Joseph Austin Playground

Joseph Austin Playground

This text is part of Parks’ Historical Signs Project and can be found posted within the park.

This playground is named after Joseph Austin (1904-1998), a longtime youth league coach and active member of the Jamaica, Queens community. The City acquired this property on January 31, 1945. It was chosen as the new site for the relocation of Thomas A. Edison Vocational Technical High School in 1955, and the playground was planned to adjoin the school. The playground, jointly operated by NYC Parks and the Department of Education, opened on May 25, 1960 and is used by children living in the neighborhood where Joseph Austin left his mark.

Austin was born on March 19, 1904 at his family home on Chichester Avenue (now 95th Avenue) and Guilford Boulevard (now Jamaica Boulevard). Austin later attended Public School 62 and the old Jamaica High School, located on Hillside Avenue and 162nd Street. As one of ten children, Austin had to work after high school to support his family, and took a job at the Boyce Motor-Meter Company. While at the company, Austin played on the company baseball team, gaining valuable experience in the sport that would make him a pillar of the Jamaica community.  Austin would later play semi-professional baseball on teams in upstate New York, Pennsylvania, New Jersey, Connecticut, and Long Island.  It was as a baseball coach, however, that Austin would make his mark.

After losing his job at the Boyce Motor-Meter Company during the Great Depression, Austin spent his free time coaching youth sports teams. He instructed youngsters, both male and female, in baseball, basketball, and football and started clubs in the various sports.  Austin continued coaching even after he found a job at the old Piels Brewery in Brooklyn once the 21st Amendment ended prohibition in 1933.  Austin served as a supervisor at the brewery for thirty-three years but dedicated the majority of his free time to coaching.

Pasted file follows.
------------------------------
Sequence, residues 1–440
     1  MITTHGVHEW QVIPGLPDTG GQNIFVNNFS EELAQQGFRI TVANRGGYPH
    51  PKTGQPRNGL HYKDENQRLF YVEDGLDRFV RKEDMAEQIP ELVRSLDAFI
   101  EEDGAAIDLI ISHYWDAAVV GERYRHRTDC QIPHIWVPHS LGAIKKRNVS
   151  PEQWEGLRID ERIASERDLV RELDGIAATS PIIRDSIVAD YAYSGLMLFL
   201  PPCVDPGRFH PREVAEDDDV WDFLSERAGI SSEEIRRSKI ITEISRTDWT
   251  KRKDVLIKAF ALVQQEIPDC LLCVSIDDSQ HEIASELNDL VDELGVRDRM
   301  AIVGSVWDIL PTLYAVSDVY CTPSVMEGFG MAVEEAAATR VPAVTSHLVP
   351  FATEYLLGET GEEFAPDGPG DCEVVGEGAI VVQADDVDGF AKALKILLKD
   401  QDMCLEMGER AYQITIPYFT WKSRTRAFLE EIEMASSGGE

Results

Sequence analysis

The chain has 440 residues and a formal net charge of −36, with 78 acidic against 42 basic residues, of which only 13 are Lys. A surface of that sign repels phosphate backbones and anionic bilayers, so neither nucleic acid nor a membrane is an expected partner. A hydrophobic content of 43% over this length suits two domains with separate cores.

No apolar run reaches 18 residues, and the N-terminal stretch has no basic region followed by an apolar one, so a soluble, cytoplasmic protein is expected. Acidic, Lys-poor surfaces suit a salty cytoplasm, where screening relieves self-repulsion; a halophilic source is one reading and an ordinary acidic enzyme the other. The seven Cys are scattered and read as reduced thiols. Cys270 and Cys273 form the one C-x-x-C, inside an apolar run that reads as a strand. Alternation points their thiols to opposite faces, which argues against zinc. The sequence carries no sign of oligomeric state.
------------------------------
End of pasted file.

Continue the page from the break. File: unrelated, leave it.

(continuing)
Austin eventually chose to concentrate on baseball, his favorite sport. From 1932 to 1947, Austin used the fields in the neighborhood to coach his various teams.  He started at the field at 165th Street and South Road in Jamaica, and later moved to the Jamaica High School fields at 186th Street and 84th Avenue. Austin would sometimes coach as many as seven squads simultaneously, teams with names chosen by Austin such as the Dwarves, the Elves, the Shamrocks, the Erins, and the Blarney Boys. Altogether, Austin served his community for over half a century, providing scores of children with guidance in the sports that he loved.

One of Austin’s most famous players was Governor Mario M. Cuomo (b.1932), himself a dedicated public servant and accomplished baseball player. Cuomo played for Austin starting when the Governor was eight until he was a teenager. Cuomo would go on to play college baseball at St. John’s University and eventually signed a minor league contract with the Pittsburgh Pirates.  After one year of playing professionally, Cuomo left the team to get married.  He never returned to baseball, choosing instead to enter the political arena. The decision proved to be quite fruitful, as the former Jamaica baseball star served as Governor of New York State from 1983 to 1995.

In 1983, Austin received an honorary degree from Queens College for his lifetime of work with the youth of Queens. Previously known as the Edison Playground, the park at 164th Place near Grand Central Parkway was one of the places where Austin could still be seen, at the age of 79, running batting practices and instructing local youth. The site was renamed Joseph Austin Playground for the longtime coach by a local law in 1983 and was dedicated in a ceremony on March 15, 1984, one day before Austin’s 80th birthday. 

Joseph Austin Playground underwent construction in 2001 for new play equipment.  Additional renovations will bring a state-of-the-art turf field for baseball, softball and soccer to the park. This playground is a fitting memory to a man who gave so much of his time to advancing sports in the community. 

Park Information

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